Monday, February 13, 2017

Sote - speeding up command line navigation

Sote is described by its author as "shell favorites paths, for faster cd".  In short, it allows the user to "name" a much-used path, allowing for faster navigation to/from multiple directories with fewer keystrokes.

Sote is similar to pushd [1] in that they both use similar means to facilitate navigation.  Sote is different from pushd in that it avoids use of the stack model and allows for a separate (and persistent) saved name for the target directory (e.g., "html" or "h" for "/var/www/html/", "b" for "/usr/local/etc/bitlbee/").

Sote is written in Bash.  In short, it self installs as a hidden file and appends itself to the users .bashrc file.


Installation is simple.

1) Run

  git clone ~/.sote

2) If needed, exampine the code in the ~/.sote folder.  The executable scripting is in ~/.sote/bin/sote.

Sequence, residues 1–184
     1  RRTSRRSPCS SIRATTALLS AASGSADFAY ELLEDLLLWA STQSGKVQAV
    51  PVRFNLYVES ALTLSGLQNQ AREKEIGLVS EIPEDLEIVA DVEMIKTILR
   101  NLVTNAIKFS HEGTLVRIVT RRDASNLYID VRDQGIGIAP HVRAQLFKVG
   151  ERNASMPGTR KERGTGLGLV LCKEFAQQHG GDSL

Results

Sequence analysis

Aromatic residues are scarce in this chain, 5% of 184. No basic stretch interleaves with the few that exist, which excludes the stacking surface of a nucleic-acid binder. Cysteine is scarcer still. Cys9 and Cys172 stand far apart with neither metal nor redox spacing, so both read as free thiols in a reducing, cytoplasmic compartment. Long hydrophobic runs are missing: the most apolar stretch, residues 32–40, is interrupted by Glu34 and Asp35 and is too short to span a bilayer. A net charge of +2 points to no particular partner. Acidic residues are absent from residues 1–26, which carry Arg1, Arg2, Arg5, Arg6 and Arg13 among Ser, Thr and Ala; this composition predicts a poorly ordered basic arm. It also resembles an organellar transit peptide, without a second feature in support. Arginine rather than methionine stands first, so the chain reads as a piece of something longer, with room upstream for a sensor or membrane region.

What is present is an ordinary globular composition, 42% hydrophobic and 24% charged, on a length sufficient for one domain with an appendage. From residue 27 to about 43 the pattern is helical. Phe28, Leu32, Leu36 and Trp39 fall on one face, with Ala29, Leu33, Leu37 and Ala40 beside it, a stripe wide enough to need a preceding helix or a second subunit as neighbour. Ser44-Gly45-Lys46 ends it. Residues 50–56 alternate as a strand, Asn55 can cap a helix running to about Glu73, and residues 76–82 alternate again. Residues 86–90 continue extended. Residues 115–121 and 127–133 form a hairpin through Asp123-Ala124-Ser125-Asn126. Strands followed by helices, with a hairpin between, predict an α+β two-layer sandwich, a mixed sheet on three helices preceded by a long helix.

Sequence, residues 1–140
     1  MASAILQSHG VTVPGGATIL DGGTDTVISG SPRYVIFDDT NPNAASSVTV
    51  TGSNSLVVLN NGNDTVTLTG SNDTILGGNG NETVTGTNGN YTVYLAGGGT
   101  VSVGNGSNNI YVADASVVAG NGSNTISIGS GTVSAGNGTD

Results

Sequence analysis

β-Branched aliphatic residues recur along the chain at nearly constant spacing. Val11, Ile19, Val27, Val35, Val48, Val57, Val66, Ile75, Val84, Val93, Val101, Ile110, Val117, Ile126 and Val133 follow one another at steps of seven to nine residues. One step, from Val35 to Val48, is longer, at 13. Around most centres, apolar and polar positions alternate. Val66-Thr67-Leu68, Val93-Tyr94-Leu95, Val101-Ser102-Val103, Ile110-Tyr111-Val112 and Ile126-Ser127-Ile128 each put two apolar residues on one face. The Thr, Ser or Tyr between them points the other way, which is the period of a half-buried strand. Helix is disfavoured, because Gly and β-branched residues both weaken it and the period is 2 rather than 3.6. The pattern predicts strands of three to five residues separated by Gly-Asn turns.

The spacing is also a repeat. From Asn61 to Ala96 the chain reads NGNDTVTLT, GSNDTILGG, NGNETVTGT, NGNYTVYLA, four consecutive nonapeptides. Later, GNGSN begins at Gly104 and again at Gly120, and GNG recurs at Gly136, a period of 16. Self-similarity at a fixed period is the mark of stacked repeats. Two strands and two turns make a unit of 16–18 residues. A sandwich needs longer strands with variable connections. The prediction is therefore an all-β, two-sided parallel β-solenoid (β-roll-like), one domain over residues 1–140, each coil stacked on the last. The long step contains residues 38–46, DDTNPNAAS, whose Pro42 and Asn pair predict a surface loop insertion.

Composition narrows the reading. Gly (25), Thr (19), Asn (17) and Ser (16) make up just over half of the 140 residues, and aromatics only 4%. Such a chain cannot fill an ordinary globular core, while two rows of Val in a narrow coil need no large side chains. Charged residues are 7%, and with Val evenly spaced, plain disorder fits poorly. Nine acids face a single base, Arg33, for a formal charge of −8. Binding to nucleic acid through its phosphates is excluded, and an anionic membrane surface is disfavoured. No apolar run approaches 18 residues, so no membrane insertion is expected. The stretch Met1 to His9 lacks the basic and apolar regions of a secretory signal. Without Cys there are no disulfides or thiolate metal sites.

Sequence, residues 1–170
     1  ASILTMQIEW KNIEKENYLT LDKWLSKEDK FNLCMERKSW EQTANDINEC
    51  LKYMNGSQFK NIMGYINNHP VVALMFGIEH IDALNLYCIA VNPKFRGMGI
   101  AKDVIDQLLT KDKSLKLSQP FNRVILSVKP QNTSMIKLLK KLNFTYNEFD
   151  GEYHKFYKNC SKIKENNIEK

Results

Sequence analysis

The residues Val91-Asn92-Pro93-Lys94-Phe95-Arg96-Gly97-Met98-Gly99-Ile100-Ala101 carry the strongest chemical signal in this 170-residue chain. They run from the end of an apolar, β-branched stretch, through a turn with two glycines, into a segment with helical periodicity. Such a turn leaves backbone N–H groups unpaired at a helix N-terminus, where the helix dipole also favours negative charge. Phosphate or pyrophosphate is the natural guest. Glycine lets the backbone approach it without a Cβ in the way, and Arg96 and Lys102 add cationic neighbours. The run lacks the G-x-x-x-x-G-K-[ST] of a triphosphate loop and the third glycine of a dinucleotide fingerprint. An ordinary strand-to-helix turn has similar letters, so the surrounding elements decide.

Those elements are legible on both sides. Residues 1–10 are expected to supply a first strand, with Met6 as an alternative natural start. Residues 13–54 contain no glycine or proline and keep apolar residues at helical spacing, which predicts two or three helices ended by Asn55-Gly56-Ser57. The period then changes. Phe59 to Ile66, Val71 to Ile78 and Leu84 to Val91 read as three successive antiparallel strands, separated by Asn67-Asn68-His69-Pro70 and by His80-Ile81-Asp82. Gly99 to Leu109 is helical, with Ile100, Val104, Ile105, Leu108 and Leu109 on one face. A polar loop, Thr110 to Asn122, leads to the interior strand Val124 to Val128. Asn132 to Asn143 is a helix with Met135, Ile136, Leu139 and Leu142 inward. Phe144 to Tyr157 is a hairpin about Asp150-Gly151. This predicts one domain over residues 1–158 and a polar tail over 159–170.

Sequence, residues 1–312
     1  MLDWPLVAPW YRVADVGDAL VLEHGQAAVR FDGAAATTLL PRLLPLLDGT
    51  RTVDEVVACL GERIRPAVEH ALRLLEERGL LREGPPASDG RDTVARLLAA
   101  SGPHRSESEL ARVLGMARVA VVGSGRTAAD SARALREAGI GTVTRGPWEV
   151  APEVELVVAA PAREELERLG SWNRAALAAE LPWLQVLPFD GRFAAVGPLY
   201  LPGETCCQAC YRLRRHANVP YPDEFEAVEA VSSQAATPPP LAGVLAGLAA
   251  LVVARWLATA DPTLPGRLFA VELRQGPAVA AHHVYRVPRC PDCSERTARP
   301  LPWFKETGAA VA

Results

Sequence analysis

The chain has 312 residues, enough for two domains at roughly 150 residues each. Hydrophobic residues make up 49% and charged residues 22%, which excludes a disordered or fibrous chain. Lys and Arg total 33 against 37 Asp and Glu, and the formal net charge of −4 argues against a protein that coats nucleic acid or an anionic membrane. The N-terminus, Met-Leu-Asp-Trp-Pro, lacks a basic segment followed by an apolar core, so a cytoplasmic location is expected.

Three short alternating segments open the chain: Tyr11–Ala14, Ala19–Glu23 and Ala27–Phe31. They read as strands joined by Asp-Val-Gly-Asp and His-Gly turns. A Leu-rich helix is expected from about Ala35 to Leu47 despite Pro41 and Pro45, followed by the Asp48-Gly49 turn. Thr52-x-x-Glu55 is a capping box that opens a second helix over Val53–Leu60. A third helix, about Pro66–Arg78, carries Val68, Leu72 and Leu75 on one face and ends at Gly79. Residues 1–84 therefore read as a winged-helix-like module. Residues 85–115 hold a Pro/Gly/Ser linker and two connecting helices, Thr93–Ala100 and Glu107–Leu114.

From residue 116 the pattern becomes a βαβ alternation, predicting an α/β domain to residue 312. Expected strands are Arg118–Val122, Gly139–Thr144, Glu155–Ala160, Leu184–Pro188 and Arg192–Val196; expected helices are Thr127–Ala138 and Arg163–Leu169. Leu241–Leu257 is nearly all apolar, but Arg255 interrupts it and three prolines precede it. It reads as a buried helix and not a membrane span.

3) Run


4) (OPTIONAL) I took sote's idea a bit further, by aliasing sote to a single keystroke ("z"), so that navigation involves even fewer keystrokes (example: "z h" for "cd /var/www/html/").  It may not seem like much but, for command line users, use of the tool can become habitual very quickly.

Note: in Ubuntu, you can alias "sote" to "z" by adding the following to ~/.bash_aliases

  alias z = "sote"

5) Close and reopen the terminal window (or run "bash").  The reason for doing this is to load the new .bashrc (you'll see "source ~/.sote/bin/sote" or something similar attached to the end of .bashrc).

Using sote

You can now add your favorite paths into the tool.  Example (with my z alias for sote):

  z -a h /var/www/html
  z -a html /var/www/html
  z -a b /etc/bitlbee
  z -a sys /lib/systemd/system

The above are saved in a file named "~/.sote-store".  This is how the aliases are persistent across session.  You can also show or delete individual (or all) aliases using similar syntax.

You can then use the above to quickly jump between directories.  "z h" jumps to /var/www/html.  From there "z b" switches to /etc/bitiblee and "z sys" switches to the /lib/systemd/system directory.  Note that you can save/use more than one path alias for the same path.

To see all of the available switches for sote, run "sote" or "sote -h".